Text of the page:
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Mr. Laws: To ask the Secretary of State for Defence how many operational fixed wing aircraft there are in the Royal Air Force; and if he will break down this figure by aircraft type and number. 
Mr. Ingram: On 23 November 2001, there were 676 fixed wing aircraft in the RAF's Actual Operating Fleet. The Actual Operating Fleet comprises all aircraft which are fully operational or in 1st or 2nd line maintenance. The breakdown of this figure by aircraft type and number is detailed in the table:
|Aircraft type||Number of aircraft|
|BAe 125 ccMk3||5|
|BAe 146 ccMk2||2|
|Sea Harrier FA2||27|
|Sea Harrier T8||4|
|Sentry E-3D AEW Mk1||6|
Mr. Swayne: To ask the Secretary of State for Defence (1) how much has been spent on financial arrangements to encourage NHS trusts to achieve waiting time targets set by the Defence Secondary Care Agency in each year since the arrangements have been in place; 
Dr. Moonie: The financial arrangements with Ministry of Defence Hospital Unit (MDHU) Trusts referred to in my answer to the hon. Member of 21 November 2001, Official Report, column 293W, are based on provisions set out in Health Service Circular 1999/112, dated 21 May 1999. They provide financial incentives for the individual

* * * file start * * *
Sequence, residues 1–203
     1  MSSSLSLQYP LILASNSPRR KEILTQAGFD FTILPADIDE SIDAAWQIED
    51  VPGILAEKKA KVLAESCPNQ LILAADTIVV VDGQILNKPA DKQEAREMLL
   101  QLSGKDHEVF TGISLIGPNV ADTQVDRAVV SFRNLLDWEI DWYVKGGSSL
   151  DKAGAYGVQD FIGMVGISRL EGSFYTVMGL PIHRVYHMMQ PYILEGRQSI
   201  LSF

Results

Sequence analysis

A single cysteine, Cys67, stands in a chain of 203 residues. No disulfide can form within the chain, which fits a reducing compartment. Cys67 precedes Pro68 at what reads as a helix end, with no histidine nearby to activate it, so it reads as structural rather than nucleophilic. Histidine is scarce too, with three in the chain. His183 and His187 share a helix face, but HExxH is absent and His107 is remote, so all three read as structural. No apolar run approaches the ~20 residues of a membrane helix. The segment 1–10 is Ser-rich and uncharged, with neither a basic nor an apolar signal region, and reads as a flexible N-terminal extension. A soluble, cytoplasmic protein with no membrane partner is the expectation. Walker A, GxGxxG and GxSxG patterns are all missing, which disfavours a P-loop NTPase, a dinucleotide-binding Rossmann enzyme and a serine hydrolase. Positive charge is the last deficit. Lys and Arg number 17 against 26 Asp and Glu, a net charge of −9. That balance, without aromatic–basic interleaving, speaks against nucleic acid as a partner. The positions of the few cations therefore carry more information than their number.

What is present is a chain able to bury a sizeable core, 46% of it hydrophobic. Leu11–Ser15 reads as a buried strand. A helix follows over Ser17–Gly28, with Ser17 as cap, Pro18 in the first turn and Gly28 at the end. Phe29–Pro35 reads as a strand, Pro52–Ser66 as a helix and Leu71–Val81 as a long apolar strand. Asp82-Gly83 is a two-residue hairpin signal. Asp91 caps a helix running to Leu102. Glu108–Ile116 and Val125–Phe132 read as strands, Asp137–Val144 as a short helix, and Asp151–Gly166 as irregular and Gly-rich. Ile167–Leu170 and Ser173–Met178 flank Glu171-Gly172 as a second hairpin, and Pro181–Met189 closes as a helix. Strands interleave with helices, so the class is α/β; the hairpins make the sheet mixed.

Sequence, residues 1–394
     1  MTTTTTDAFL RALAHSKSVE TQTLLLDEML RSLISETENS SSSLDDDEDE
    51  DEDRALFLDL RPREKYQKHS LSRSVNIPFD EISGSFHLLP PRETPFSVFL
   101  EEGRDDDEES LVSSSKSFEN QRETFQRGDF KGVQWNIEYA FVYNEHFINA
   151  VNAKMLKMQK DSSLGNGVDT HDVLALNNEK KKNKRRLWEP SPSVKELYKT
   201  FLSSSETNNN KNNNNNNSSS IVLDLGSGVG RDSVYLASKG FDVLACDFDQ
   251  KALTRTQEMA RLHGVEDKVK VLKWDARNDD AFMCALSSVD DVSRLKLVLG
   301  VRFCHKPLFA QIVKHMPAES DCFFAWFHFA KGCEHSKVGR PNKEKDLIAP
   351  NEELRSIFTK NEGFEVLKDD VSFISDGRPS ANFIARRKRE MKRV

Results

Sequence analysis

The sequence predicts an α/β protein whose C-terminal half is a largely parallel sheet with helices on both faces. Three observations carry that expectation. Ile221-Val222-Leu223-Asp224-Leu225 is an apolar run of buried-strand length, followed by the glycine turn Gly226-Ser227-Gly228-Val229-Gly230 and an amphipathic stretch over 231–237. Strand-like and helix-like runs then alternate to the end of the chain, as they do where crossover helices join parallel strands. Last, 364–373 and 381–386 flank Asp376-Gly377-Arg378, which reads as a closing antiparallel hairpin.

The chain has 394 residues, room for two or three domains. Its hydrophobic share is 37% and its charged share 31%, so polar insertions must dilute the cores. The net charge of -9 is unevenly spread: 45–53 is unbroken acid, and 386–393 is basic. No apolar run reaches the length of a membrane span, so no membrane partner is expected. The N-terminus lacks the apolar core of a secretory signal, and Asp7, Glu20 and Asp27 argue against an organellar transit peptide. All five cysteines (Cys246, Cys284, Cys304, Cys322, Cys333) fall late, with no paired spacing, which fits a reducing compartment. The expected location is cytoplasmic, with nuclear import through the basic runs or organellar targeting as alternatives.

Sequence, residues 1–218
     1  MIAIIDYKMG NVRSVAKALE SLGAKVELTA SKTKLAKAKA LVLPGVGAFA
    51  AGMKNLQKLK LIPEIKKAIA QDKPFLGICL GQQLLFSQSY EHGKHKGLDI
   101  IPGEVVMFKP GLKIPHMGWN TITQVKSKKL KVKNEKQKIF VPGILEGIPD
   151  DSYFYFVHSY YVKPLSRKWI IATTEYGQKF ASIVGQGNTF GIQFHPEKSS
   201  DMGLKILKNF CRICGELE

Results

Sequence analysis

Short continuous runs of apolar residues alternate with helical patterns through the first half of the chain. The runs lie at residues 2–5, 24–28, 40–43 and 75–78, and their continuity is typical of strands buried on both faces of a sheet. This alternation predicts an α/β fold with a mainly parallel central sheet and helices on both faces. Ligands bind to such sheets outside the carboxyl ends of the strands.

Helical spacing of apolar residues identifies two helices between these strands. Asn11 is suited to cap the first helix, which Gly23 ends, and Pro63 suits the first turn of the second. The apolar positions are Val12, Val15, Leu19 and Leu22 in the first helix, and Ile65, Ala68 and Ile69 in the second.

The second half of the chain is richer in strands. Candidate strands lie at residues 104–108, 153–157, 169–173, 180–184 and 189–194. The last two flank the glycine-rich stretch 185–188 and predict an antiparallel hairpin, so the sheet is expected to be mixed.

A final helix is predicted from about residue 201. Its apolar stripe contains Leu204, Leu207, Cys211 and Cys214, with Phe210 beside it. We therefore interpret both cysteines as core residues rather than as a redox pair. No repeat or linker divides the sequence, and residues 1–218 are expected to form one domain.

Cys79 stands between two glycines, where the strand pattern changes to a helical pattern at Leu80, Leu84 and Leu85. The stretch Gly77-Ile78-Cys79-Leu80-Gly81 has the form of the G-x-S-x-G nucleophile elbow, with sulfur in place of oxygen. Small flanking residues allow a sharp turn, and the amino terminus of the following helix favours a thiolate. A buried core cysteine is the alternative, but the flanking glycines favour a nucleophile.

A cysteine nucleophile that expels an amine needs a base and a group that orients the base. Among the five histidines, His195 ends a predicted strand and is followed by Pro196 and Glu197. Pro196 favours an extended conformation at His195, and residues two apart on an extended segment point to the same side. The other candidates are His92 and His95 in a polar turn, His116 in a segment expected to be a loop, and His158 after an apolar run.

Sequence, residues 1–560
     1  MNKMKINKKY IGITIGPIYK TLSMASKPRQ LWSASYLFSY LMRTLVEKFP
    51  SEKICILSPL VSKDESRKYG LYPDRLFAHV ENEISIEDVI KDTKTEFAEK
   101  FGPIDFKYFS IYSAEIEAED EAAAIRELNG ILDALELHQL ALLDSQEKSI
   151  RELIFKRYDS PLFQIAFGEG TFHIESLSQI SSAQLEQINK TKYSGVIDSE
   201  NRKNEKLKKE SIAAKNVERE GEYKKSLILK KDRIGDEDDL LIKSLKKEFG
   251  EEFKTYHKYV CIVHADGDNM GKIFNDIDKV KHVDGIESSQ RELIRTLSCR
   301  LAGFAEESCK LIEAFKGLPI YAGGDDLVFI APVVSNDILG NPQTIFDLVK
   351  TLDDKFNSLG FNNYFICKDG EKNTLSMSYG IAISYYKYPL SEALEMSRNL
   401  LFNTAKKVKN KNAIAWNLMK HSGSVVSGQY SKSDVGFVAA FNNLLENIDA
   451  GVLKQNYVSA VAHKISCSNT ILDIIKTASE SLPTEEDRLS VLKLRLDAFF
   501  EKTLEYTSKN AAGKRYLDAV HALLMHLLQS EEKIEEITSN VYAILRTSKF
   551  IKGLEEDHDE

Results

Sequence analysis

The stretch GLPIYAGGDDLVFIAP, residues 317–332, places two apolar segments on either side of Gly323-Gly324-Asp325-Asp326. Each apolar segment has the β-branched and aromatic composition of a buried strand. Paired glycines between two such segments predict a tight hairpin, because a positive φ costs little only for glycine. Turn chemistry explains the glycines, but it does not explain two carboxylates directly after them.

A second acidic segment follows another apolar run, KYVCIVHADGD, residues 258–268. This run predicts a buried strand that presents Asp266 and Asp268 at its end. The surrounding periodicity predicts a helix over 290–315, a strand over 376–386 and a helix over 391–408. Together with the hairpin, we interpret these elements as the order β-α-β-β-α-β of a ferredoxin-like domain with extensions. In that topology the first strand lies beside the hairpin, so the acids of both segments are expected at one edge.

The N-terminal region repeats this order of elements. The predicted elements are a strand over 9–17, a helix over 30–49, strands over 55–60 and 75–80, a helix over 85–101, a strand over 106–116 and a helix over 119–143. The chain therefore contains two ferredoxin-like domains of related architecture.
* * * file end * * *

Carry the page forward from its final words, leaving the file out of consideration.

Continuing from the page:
5 Dec 2001 : Column: 360W
trusts to achieve waiting time targets set by the Defence Secondary Care Agency (DSCA), in the form of two stages of premium, set at a percentage of the basic tariff. The first stage premium is payable so long as there is clear evidence that the trust is attempting to achieve the targets. The second, small premium, is payable on a specialty by specialty basis, separately as regards the targets for out-patient attendance and in-patient admissions, and is dependant on the full achievement of the target.
Mr. Jenkin: To ask the Secretary of State for Defence if he will estimate the annual cost to the EU of the EU structures that have been created to support the European Security and Defence Policy. 
The annual cost to member states of maintaining the European Council structures supporting ESDP on the European Council Secretariat budget for the last financial year was £5,800,000. This has been met within existing EU resources.
Mr. Leslie: I refer the hon. Member to the answer that my right hon. Friend the Prime Minister gave to the right hon. Member for Chingford and Woodford Green (Mr. Duncan Smith) on 28 November 2001, Official Report, columns 96162.
Mr. Leslie: My Department continues to drive the Civil Service reform programme across Departments, and good progress has been made against the many actions which were set out in Sir Richard Wilson's initial Reform Report which was published in December 1999. A report on progress was published in December 2000, and a further report is planned early in the new year.
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Mr. Bercow: To ask the Deputy Prime Minister if he will make a statement on progress on the Public Service Agreement target for the review of corporate human resources systems which was subsumed within the Civil Service reforms programme.